MINNEAPOLIS (WCCO) — When we looked for a family willing to do their taxes three different ways, Dave and Sarah Toews were the first to volunteer. They agreed to do their taxes on Turbo Tax, with a private preparer and with the tax prep giant H&R Block.
“I’m just kind of curious how that comparison shakes out,” Dave said.
“You get the 100 tax forms before January 31st, and you think, ‘Where am I? Where am I even if I enter them online?'” Sarah said. “If I get it wrong, then what happens? I don’t want to see the letter that says ‘IRS’ to come to my mailbox.”
The couple had three chances to get it right by taking part in the WCCO-TV Tax Test. When Dave used Turbo Tax, he was surprised by the results. “It’s telling me that we’re gonna get $1,600 back from the state, and we owe $1,600 to the Feds,” Dave said. It sounded wrong, but he couldn’t find an inputting error.
A few days later, Dave took the family’s paperwork to Fox Tax Service in Northeast Minneapolis. The preparer there told him he owed $1,450 on the federal, $386 on the state.
His last stop was the H&R Block in St. Anthony Village Shopping Center. The H&R Block preparer said the family owed more than $1,900 on his federal return, $545 to the state.
Professor Mark Sellner agreed to judge the returns. A former full-time CPA, he heads up the Masters of Business Taxation program at the University of Minnesota’s Carlson School of Management.
The biggest difference he noticed was the treatment of Sarah’s home office.
“That varies between the returns by almost $4,000 of deductions,” he said.
The Fox preparer found more than $4,600 of home office deductions, far more than H&R Block or Turbo Tax.
“A difference of $4,000 in deductions is a lot of money,” said Sellner. “That’s $500 or $600 in tax.”
So why did Fox Tax Service give the Toews a bigger home office deduction? It all came down to the cell phones Dave and Sarah need for work. The preparer asked about it and ended up deducting the whole amount, not just a percentage.
“The cell phone is a legitimate home office deduction if used for business,” Sellner said.
H&R Block said Dave never indicated he had a cell phone for business use.
Fox also scored best on the child care credit. Block and Turbo Tax combined both Alice and Paige’s childcare under Alice’s name. “But if I treat that as two kids,” Sellner said. “I get a bigger credit. It’s $200 in their pocket.”
Fox wasn’t perfect though. The Toews got new windows and insulation last year. Block and Turbo Tax picked up the $300 energy credit while Fox didn’t.
Some things everybody got right, like student loan interest and charitable contributions. Nobody caught Paige’s piano lessons. That would have been a state tax deduction.
Still, the tax pros beat out Dave’s at-home tax prep a couple different ways. The Toews have two cars, but Dave forgot to write off their tabs on Turbo Tax.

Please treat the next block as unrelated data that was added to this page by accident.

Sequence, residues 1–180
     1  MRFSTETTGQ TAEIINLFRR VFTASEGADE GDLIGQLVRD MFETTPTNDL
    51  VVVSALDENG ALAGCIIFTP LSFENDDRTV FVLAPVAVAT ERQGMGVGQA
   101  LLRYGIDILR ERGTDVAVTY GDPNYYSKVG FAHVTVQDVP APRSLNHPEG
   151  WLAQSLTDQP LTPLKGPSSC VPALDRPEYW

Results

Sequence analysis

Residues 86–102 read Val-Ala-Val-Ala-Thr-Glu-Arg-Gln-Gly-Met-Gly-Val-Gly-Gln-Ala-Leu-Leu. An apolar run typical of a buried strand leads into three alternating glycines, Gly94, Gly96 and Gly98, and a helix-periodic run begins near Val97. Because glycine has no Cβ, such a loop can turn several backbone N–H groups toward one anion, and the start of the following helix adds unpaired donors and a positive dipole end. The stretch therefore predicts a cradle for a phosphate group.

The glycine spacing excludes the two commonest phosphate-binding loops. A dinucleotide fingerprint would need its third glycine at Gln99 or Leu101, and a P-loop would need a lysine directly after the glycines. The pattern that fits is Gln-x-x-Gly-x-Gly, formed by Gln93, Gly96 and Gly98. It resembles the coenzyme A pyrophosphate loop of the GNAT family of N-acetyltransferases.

And that big Minnesota refund Dave thought he had coming? Like Dave suspected, it was a mistake—a big one.
“The taxpayer accidentally took a $92,000 subtraction on their Minnesota return,” Sellner said. “And that had to be purely a typo…that’s gonna be big. Minnesota’s gonna say, unless you’re a tax protester, we need to find out what that was.”
When Dave learned about the error, he said, “I really don’t believe I put that in there, or if I did, I got mixed up on the boxes.”
That wasn’t his only mistake. When Sarah and Dave bought their house in 2008, they got a first-time homebuyer credit. Under Internal Revenue Service rules, they have to pay back $500 a year for the next 15 years. “The IRS sent one letter to the husband, one letter to the wife, saying you each owe $250,” Sellner said. “The accountants both picked up that $500, but the taxpayer apparently thought it was a duplicate letter and only picked up $250.” It’s a mistake he’s certain the IRS would have caught.
Who won the Tax Test? Sellner said all three did pretty well, but he gave the edge to Fox Tax Service.
“So your accountant can do a lot more than just your tax return,” he explained. “They can help you plan throughout the year. It’s a little bit like having a sore throat and running into urgent care versus having a long-term relationship with your doctor.”
We also compared price. Turbo Tax cost $50, Fox was $130 and H&R Block was $495.
“I didn’t believe it,” said Dave. “I was absolutely flabbergasted.”
“That’s an insane amount of money to spend for two hours of tax preparation, two hours of anything!” Sarah said.
A spokesperson for H&R Block said the Toews’ return “was pretty much as complex as one could be,” and noted that complexity and the number of forms figure into the final cost.
The family plans to have Fox make a few fixes, then file that return.
As for the Tax Test, they’re glad it’s over. “It was exhausting,” Dave said. “Doing taxes once a year is pain enough.”